Communion is not a tradition for a biological family, but a blessing for a spiritual family. There are some homes where spouses or children do not confess absolute faith in Jesus Christ. It would be wrong in that home for those unbelievers to join in Communion. Regarding children and ages, there is no verse that restricts young children from participating. Therefore the parents are accountable before the Lord to decide whether their children show signs of genuine faith, and so either include them or let them be somewhere else (or watch) during the communion celebration.

  • It is called “Communion” because it overcomes conflict.

Communion represents “the kind of ‘community’ that cannot be dissolved by petty conflict or disagreement. As we eat together around the table of Christ, we’re called to a recognition that we are at the table of a kingdom. And we are called there to recognize the presence of the King — not so much in the elements themselves or in our individual spiritual reflection but in the body he has called together, a body of sinners like us. Only then will we really get what the Scriptures mean when they call us to ‘fellowship.’ “. So let the power and grace of Christ draw you into forgiveness and harmony before you celebrate it.

And this commandment we have from Him, that the one who loves God should love his brother also. 1 John 4:21 (NASB)


A typical means of celebrating Communion

1. Prepare the bread and drink

  • Have the Communion symbols ready (bread for Christ’s body and wine/juice for Christ’s blood)
  • Have a Bible ready. The main reading below are from Matthew 26

2. Prepare yourselves

Encourage everyone to take a few minutes before coming to the Communion to prepare themselves. God warns us in 1 Corinthians 11:27 to not take of the Lord’s Supper in an unworthy manner.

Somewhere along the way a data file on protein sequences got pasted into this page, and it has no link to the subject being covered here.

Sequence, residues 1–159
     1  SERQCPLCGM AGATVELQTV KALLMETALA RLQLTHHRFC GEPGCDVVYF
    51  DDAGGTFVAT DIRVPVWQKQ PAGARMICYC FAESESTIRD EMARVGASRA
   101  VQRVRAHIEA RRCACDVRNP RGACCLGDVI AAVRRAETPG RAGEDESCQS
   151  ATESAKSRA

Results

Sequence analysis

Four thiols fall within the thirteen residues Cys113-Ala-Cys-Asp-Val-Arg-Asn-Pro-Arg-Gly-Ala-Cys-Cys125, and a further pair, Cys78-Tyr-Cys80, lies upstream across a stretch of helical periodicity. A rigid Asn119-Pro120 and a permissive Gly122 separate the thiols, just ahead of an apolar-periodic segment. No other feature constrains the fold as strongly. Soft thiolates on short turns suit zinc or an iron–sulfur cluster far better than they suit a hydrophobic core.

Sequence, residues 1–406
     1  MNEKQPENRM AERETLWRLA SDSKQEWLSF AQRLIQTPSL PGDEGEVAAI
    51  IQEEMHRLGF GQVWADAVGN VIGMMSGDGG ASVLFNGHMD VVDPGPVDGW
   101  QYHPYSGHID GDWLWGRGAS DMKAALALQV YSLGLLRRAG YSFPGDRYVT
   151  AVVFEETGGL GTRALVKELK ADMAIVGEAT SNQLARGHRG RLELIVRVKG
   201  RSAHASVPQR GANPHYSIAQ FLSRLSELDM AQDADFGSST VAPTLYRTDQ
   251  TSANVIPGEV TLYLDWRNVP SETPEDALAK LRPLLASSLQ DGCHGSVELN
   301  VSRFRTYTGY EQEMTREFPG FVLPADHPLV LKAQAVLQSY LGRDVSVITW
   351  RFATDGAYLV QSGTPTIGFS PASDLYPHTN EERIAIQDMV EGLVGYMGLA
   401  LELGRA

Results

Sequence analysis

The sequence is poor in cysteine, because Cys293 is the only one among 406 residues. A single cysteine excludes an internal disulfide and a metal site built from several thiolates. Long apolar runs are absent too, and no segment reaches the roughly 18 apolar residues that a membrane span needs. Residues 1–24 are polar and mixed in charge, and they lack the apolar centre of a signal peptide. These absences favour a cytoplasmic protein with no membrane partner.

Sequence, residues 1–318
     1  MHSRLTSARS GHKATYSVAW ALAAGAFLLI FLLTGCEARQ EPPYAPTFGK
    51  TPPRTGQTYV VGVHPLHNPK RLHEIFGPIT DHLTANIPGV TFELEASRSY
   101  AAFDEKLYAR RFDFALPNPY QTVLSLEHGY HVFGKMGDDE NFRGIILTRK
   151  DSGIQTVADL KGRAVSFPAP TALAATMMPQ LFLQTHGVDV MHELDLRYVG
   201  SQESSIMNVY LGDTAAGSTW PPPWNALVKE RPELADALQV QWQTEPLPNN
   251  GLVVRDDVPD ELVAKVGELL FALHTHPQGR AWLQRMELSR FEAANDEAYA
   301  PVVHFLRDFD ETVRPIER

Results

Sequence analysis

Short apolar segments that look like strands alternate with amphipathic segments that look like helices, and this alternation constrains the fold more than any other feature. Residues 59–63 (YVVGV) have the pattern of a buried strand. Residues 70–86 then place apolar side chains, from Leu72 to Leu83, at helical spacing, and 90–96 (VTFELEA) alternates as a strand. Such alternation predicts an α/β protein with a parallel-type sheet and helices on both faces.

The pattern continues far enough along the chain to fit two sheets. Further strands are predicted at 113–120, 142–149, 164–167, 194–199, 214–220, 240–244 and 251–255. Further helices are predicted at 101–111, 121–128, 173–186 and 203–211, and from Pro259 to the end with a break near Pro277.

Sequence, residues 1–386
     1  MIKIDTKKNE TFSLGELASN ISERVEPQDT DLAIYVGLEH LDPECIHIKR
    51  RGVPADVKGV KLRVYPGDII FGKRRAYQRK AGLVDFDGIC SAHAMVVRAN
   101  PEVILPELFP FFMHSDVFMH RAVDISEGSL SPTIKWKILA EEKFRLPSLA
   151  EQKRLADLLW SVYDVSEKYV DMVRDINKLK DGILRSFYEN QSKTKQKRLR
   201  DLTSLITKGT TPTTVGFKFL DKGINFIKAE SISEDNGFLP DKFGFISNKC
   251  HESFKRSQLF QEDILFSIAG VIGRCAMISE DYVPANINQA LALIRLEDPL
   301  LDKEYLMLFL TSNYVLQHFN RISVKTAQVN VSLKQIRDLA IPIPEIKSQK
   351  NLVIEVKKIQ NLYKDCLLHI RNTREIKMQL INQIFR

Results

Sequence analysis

• Search your heart for unconfessed sin (1 Corinthians 11:23-30).
  • Confess your sin to God (1 John 1:9).
  • If there is unresolved conflict in your life, seek reconciliation (Matthew 5:23).

3. Remember Jesus together through the Communion meal

  1. You could have a time of worship, praise and glorifying God. You could start with prayer, read Scripture and sing one or more hymns or worship songs before taking communion.

A good scripture to include:

Is not the cup of blessing which we bless a sharing in the blood of Christ? Is not the bread which we break a sharing in the body of Christ? Since there is one bread, we who are many are one body; for we all partake of the one bread. 1 Corinthians 10:16–17

  1. Distribute pieces of bread to the believers. (Tearing apart a common loaf of bread and drinking from a common cup, were practices that were common in New Testament communities.)
  2. Read Matthew 26:26.
  3. Pray over the bread and eat it together. The prayer should be one that at least thanks Christ that His body suffered so that ours can be saved. His death brought us forgiveness.
  4. Distribute the filled cup(s) to the believers.
  5. Read Matthew 26:27-29.
  6. Pray over the drink and drink it together. The prayer could be one of thanking God for both the security we have in Jesus’ shed blood. Thank the Father for saving believers and that one day you and any believers with you will see Him face-to-face
  7. Continue in prayer as the Holy Spirit leads in thanks, and also on behalf of the whole body of believers.